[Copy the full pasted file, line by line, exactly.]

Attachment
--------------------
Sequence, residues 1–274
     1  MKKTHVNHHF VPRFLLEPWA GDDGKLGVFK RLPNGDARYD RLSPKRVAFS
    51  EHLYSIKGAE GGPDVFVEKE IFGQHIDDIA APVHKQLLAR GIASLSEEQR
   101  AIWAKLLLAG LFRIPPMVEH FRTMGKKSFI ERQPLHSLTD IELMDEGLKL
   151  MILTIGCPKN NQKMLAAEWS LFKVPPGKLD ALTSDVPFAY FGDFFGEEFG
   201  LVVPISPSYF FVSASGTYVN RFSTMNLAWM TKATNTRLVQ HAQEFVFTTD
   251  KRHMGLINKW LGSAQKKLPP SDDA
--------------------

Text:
Sequence, residues 1–274
     1  MKKTHVNHHF VPRFLLEPWA GDDGKLGVFK RLPNGDARYD RLSPKRVAFS
    51  EHLYSIKGAE GGPDVFVEKE IFGQHIDDIA APVHKQLLAR GIASLSEEQR
   101  AIWAKLLLAG LFRIPPMVEH FRTMGKKSFI ERQPLHSLTD IELMDEGLKL
   151  MILTIGCPKN NQKMLAAEWS LFKVPPGKLD ALTSDVPFAY FGDFFGEEFG
   201  LVVPISPSYF FVSASGTYVN RFSTMNLAWM TKATNTRLVQ HAQEFVFTTD
   251  KRHMGLINKW LGSAQKKLPP SDDA